Generally speaking, leadership involves changing others. From a spiritual perspective, the purpose of our leadership is to change others, right?
However, change must first begin within ourselves. It is easy to ask others to do what we are either unwilling to do or have not done yet.
The power of change starts with us. When we make changes in our own lives first, we set an example for others to see why they must change also.
As leaders in our homes, communities, and the church, let us first work on changing ourselves and then seek opportunity to help others change.
Think about our approach to leadership. How will our influence be remembered in the church and community where we live and serve?
Harry Truman said, “Men make history and not the other way around. In periods where there is no leadership, society stands still. Progress occurs when courageous, skillful leaders seize the opportunity to change things for the better.”
Will we be remembered because we made a change for the better?
Will our leadership impact the eternal good of others?
If it seems the world stands still around us, maybe it is time we stood up to lead. Seize the opportunity to change things for the better. Lead as God would have us to do!
If the church where you and I attend were to disappear tomorrow, would anyone in the community know? Would anyone care?
Those two questions are chilling and convicting for me. I fear the answers and it directly relates to the impact we have in the world where we live.
Have we become so inward-focused that we no longer recognize the influence the church must have in the community?
Something may just be missing in our leadership and we need to consider what can be done––what must be done––to lead God’s people in rebuilding the reputation of the church.
I enjoy reading new material, especially when it focuses on passion. Most agree that passion is the difference maker to success.
Darren Hardy’s book, The Entrepreneur Roller Coaster, talks about “Four Passion Switches.” These switches are below with a snippet of what they reference.
Be passionate about what you do: This one is the most common. People talk about their passion for what they do, but maintaining this level of passion 100 percent of the time is challenging.
Be passionate about why you do it: The mission and vision that drives what a leader does adds another level to passion and when we understand why, passion increases.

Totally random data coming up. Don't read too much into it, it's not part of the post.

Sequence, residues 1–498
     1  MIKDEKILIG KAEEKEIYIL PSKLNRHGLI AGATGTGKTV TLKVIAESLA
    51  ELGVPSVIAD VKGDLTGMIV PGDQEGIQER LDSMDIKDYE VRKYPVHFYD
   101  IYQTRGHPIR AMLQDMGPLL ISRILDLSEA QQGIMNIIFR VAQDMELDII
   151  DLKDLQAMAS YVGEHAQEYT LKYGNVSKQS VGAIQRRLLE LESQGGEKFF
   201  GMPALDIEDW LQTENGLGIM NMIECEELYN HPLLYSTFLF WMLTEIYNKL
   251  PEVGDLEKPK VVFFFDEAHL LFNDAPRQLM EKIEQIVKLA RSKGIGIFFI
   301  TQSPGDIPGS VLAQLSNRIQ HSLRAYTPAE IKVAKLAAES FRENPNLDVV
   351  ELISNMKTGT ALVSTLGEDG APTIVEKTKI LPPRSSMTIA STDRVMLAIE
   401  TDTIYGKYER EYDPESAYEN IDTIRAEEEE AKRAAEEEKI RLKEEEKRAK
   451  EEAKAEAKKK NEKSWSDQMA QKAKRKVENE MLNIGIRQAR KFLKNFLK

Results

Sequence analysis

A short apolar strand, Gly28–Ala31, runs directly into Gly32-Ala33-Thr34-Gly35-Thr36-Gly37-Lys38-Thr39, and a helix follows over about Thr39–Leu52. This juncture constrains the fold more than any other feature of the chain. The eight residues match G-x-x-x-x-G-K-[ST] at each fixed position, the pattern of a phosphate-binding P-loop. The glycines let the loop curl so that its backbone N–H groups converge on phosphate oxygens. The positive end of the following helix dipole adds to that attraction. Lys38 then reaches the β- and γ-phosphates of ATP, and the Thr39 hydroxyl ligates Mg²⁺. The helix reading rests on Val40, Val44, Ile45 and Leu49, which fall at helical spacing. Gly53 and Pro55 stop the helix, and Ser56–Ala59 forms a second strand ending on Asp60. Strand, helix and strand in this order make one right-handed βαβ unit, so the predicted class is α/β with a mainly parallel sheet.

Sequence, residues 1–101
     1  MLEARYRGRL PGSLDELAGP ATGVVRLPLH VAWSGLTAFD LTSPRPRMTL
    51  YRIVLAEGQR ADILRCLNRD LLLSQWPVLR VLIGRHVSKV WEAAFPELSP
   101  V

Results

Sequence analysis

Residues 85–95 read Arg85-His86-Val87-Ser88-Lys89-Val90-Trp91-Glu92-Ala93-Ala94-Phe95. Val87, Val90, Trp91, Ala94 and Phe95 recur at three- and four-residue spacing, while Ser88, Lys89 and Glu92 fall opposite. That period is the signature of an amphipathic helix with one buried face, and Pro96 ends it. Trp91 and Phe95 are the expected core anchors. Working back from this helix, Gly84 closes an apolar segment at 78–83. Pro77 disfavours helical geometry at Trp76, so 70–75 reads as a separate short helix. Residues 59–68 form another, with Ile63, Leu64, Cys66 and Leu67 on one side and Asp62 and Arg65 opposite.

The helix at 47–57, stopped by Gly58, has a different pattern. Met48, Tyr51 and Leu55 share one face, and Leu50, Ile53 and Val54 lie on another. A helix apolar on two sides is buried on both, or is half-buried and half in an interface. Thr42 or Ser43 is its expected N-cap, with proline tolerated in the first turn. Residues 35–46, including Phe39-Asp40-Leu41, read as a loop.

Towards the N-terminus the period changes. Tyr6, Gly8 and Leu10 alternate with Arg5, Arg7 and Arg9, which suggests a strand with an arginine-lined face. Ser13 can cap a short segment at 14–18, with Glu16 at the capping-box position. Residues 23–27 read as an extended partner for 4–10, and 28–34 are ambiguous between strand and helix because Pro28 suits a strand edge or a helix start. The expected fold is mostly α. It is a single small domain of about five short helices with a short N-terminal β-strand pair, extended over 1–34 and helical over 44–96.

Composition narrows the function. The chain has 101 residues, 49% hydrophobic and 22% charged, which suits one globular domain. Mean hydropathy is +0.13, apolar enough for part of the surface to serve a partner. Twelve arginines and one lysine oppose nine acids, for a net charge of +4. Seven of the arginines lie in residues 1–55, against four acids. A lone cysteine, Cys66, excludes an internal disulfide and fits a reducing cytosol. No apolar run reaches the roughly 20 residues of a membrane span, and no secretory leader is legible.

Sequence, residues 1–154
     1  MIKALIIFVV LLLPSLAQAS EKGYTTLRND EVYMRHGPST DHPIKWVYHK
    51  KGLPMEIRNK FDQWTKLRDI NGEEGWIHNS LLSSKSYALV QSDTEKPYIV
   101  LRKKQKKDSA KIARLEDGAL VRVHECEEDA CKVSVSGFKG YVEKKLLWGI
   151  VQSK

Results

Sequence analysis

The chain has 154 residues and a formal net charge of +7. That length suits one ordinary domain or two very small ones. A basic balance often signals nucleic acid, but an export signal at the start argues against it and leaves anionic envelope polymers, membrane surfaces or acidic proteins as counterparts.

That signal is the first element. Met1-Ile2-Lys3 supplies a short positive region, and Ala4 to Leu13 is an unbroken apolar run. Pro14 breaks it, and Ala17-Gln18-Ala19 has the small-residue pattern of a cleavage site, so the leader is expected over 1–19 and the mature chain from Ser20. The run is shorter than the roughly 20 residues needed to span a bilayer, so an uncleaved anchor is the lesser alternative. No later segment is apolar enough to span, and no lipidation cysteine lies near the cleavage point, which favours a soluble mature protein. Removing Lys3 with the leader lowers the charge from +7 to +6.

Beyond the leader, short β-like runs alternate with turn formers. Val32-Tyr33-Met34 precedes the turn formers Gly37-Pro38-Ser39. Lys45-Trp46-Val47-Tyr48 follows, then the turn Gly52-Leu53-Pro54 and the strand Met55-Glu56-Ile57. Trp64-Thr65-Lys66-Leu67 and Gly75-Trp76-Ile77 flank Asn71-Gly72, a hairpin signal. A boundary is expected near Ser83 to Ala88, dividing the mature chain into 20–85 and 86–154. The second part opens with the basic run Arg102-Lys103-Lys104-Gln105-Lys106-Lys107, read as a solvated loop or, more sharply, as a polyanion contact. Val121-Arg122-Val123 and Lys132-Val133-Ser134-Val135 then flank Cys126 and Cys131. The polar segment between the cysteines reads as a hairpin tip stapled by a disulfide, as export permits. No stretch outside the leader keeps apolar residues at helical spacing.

Be passionate about how you do it: This switch represents going above and beyond, not just settling for good enough or the status quo. How speaks to the importance of quality.
Be passionate about who you do it for: Hardy refers to this as the “means-to-an-end” switch. Knowing who benefits: family, community, country, etc. drives passion upwards.
I am excited to read more and encourage you to find ways to increase your passion as a leader.
“If you don’t have time to do it right, when will you have time to do it over?” John Wooden
Legendary basketball coach, John Wooden, is well know for his leadership ability as well as his written material on the subject.
The thought today strikes at the core of how we approach every area of our life, whether we apply it to the home, workplace, community, or church.
Too many times the approach is demonstrated by just enough effort to get by, not to do it right, and certainly not to excel.
When we consider the realm of spiritual leadership, or leadership in general, the results of only doing enough to get by are tragic. Souls are at stake! If we fail to do it right, there may never be enough time to do it over. Often times we only have one chance to make a good first impression, share the joy of the good news, or reach out to a fellow Christian who faces a “crossroad” in their relationship with God.
We need to recognize the need, but also the urgency, to do it right the first time.
DALTON, Ga. (BNC) — Jon Purley tells his story of how he discovered the truth about salvation. It all started with a question by his son.
Click here to read the rest of this post by Brotherhood News and view the video documentary.
Community comes from the idea of commune, which involves sharing something in common. Location, interests, pursuits, and many more make up a few areas that fall into the category of commonalities.